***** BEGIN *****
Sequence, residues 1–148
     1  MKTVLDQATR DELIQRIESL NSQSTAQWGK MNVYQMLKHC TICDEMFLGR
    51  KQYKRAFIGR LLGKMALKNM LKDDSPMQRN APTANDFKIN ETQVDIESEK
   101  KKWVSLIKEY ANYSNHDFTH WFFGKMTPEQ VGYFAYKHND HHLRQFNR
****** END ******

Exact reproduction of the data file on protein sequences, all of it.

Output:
Sequence, residues 1–148
     1  MKTVLDQATR DELIQRIESL NSQSTAQWGK MNVYQMLKHC TICDEMFLGR
    51  KQYKRAFIGR LLGKMALKNM LKDDSPMQRN APTANDFKIN ETQVDIESEK
   101  KKWVSLIKEY ANYSNHDFTH WFFGKMTPEQ VGYFAYKHND HHLRQFNR